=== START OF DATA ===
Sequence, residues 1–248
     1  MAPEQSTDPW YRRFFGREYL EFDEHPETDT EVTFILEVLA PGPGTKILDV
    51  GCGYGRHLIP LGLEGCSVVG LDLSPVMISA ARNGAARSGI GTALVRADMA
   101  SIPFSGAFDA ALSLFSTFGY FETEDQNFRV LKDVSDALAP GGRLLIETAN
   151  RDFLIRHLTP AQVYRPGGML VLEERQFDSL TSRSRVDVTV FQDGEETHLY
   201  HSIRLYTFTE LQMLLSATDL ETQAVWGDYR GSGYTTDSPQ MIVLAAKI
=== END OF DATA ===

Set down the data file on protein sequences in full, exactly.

Sequence, residues 1–248
     1  MAPEQSTDPW YRRFFGREYL EFDEHPETDT EVTFILEVLA PGPGTKILDV
    51  GCGYGRHLIP LGLEGCSVVG LDLSPVMISA ARNGAARSGI GTALVRADMA
   101  SIPFSGAFDA ALSLFSTFGY FETEDQNFRV LKDVSDALAP GGRLLIETAN
   151  RDFLIRHLTP AQVYRPGGML VLEERQFDSL TSRSRVDVTV FQDGEETHLY
   201  HSIRLYTFTE LQMLLSATDL ETQAVWGDYR GSGYTTDSPQ MIVLAAKI